“Roving playmaker from the blueline with excellent speed and a superior understanding of his responsibilites as a jump-starter and attacker. Merkley is pure offense in every sense of the term, and it seems as everything he does with the puck has a cherry on top. He is a commanding presence who carries the puck as well as he dishes it out, and you can always count on him to find the open man, especially back-door and off the rush. Merkley has a quick first step, but he also shifts speeds to routinely catch opponents flat footed. It’s hard to see Guelph’s attack survive without him, as it relies heavily on his quick, crisp breakout passes that trap the most aggressive of forecheckers. He owns a hard, accurate shot with a big wind-up, Merkley gets enough mustard on long-distance wristers to force goalies to lose control of rebounds.” – Steve Kournianos/The Draft Analyst

“Merkley is an exceptional skater with an explosive first step acceleration, high end top gear and shifty lateral agility. Merkley sees the ice offensively very well, is an exceptional puck distributor and generates offensive transition as good as any defenseman in his draft class. The concerns with Merkley are he is undersized and struggles with physical battles against bigger stronger opposition. But the main concern is his inability to defend effectively, his reads in the defensive zone are weak, and he chases the play out of position. When he has the puck on his stick, he is an elite player, but when the other team has possession he becomes a liability. The question is can he continue to develop his defensive game and evolve similarly to Samuel Girard, or will he fail to establish an adequate defensive skill set and cap out in the AHL like Anthony DeAngelo?” – Peter Harling/Dobber Prospects

“Merkley is a phenomenal skater with excellent speed. He’s strong on his edges with an excellent ability to change direction in a split second. He can beat most players north-south and east-west. He’s also an excellent passer who excels at making quick, accurate short passes or long stretch passes out of his zone. This makes Merkley very good at clearing the d-zone, but it is not always picture perfect. He’s sometimes caught forcing the play, one that is not always there. He is still prone to turning over the puck, but there have been improvements in that area. A season ago, you could attribute it to playing on the Western Conference’s last place team and trying to do it all himself. He’s a very smart hockey player so he should be able to get that out of his game.” – Dominic Tiano/OHL Writers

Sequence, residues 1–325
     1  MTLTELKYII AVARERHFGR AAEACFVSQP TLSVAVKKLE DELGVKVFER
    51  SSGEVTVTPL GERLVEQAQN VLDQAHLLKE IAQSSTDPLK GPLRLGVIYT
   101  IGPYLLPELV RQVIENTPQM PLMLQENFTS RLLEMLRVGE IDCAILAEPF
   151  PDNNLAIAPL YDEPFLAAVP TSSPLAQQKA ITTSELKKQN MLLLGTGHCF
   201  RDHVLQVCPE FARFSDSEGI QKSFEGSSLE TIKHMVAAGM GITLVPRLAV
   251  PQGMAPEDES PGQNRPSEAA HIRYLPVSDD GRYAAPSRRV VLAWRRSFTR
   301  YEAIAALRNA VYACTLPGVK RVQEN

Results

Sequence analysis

Every draft seems to have one of these right?   A guy who has limitless potential, and talent but also the ability to deliver self inflicted wounds. Merkley is the easiest guy to break down in terms of strengths and weaknesses. The skating and the offensive ingenuity are without question elite and he can QB a PP.  The defensive disasters and mercurial temperament are also obvious. He’s caught up ice at times, and makes some baffling decisions. Plus, there’s the fact he played Paul Bunyon and took a whack at someone and got a three game suspension. The comparable? There’s a little Tony DeAngelo in him, a 1st round draftee but on his third team already.” – Steve Clark/Niagara Ice Dogs Play-by-Play


  • Excellent in transition
  • Great passer
  • Excellent vision
  • Elite offensive instincts

Under Construction (Improvements to Make)

  • Overall defense
  • Decision making
  • Needs strength

NHL Potential

If he figures it out, he has the potential to be an elite offensive defenseman at the next level. While I don’t think he’s a franchise guy, Merkley is just a step or two below given the skill he does bring. He will solidify someone’s power play at an elite level.

Risk-Reward Analysis

Risk – 5/5, Reward – 5/5

Fantasy Hockey Potential

Offence – 9.5/10, Defence – 4/10


Merkley was the first overall pick of the 2016 OHL Priority Selection. He was named to the All-Rookie team in 2016-17. He led rookie scoring in assists and points which led him to winning the Emms Family Award for rookie of the year. He won a gold medal at the Ivan Hlinka tournament in 2017-18.